In case B we have a more interesting behaviour: you first of all observe that asymptotically -when the true value is large, that is at the very left and very right of the graph- it pays to have corrected our mistakes: by finding a large measured x, we have reduced the error to what our measurement device provides in the absence of further smearing, i.e. σ=1.

Then, you also see that for true values of x close to zero, your idea of re-checking results which are far from zero also pays off: you are then likely to spot the measurements affected by the extra uncertainty, and removing it allows you to reduce the total MSE. Note that, by virtue of doing this for the cases when x is large, your total MSE ends up being smaller than 1! That is due to your accepting small results when the true x is small.

The most interesting feature of the red curve is however the spikes at +-3. These are due to the procedure as well: when x=3, for instance, there is a significant chance that you get a measured value close to 3, in the absence of additional mistakes in your measurement. Such a value is flagged by procedure B) as faulty, and you end up scrutinizing it more carefully, eventually finding nothing but in the meantime changing things here and there, and ending up with a different measurement, which has a sizable chance to be farther from the true value than it used to be: that is the cause of the increased mean square error!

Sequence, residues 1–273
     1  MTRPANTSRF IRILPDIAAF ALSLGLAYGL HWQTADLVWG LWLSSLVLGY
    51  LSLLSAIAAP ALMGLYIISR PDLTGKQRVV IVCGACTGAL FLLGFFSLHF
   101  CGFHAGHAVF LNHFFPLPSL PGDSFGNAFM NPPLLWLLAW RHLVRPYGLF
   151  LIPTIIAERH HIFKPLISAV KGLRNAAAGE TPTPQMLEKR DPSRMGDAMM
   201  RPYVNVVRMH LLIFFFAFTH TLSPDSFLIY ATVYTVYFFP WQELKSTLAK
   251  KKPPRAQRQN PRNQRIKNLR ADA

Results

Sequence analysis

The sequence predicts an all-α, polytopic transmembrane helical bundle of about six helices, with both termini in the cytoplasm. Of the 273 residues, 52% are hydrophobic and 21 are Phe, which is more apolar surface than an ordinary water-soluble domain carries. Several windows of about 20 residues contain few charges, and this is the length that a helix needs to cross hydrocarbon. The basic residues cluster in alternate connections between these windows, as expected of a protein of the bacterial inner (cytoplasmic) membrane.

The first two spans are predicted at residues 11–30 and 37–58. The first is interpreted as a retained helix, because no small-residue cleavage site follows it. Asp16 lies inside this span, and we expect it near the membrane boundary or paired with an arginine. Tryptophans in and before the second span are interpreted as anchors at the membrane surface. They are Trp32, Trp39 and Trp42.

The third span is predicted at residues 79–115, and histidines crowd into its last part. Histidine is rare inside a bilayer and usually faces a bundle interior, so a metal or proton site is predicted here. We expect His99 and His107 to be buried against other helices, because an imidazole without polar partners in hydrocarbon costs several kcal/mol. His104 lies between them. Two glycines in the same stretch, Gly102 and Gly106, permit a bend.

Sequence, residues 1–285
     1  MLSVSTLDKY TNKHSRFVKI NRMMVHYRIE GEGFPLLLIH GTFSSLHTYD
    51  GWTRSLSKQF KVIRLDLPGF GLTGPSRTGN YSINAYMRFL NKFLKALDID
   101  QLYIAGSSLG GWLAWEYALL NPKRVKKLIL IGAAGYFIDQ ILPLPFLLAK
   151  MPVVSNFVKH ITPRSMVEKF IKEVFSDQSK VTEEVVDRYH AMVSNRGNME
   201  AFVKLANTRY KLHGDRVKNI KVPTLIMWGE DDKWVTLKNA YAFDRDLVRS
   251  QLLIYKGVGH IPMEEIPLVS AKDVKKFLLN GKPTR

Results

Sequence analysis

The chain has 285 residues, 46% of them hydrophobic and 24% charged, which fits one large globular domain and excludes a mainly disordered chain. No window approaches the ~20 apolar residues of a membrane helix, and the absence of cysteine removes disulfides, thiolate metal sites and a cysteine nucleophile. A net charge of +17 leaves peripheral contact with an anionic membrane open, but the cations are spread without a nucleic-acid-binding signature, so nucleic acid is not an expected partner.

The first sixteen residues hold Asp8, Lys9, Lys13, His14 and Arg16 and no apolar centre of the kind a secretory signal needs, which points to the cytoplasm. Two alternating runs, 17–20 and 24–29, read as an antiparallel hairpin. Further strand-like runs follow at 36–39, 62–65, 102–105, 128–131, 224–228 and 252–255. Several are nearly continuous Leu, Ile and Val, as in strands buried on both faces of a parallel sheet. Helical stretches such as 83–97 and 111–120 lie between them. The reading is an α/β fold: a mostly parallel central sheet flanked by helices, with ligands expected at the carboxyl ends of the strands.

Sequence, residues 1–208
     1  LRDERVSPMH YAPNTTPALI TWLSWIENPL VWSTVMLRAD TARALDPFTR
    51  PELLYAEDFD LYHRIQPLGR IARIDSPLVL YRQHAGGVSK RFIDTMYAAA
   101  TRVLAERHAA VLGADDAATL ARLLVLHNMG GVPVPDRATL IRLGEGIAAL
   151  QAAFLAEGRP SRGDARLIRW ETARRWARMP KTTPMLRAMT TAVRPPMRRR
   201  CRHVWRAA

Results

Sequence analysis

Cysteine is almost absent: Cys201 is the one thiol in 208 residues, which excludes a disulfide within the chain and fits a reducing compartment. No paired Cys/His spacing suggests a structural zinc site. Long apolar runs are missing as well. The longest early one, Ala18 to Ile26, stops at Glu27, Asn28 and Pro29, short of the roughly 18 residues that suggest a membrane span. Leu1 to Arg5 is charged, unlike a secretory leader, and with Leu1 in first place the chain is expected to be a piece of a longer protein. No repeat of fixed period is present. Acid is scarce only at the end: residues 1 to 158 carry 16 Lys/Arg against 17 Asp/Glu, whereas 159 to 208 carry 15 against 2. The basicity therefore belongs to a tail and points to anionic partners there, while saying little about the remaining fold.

I find this example instructive, and actually I myself learned something from carrying it out (writing the macro that produced that graph took me a small fraction of the time of writing this article!). What is the message to carry home ? I think the message is: don't be obsessed with bias alone, and always consider what the mean-square-error of your measurement procedure is. However, if you insist that the coverage properties of your measurement are fully independent on the true value of the quantity being measured, then you should consider a truly blind approach, i.e. one which reports whatever value you get regardless of your prior beliefs on the likely values of the physical constant you are determining.

Note also that the pseudoexperiments above describe a very unfortunate case for the experimenter: we have given much more weight to x being different from zero than to x being compatible with zero! In reality, we have reasons to assign a larger weight to our theory being correct (x=0 in this case), so if we are Bayesians we may like the kind of approach provided by procedure B)!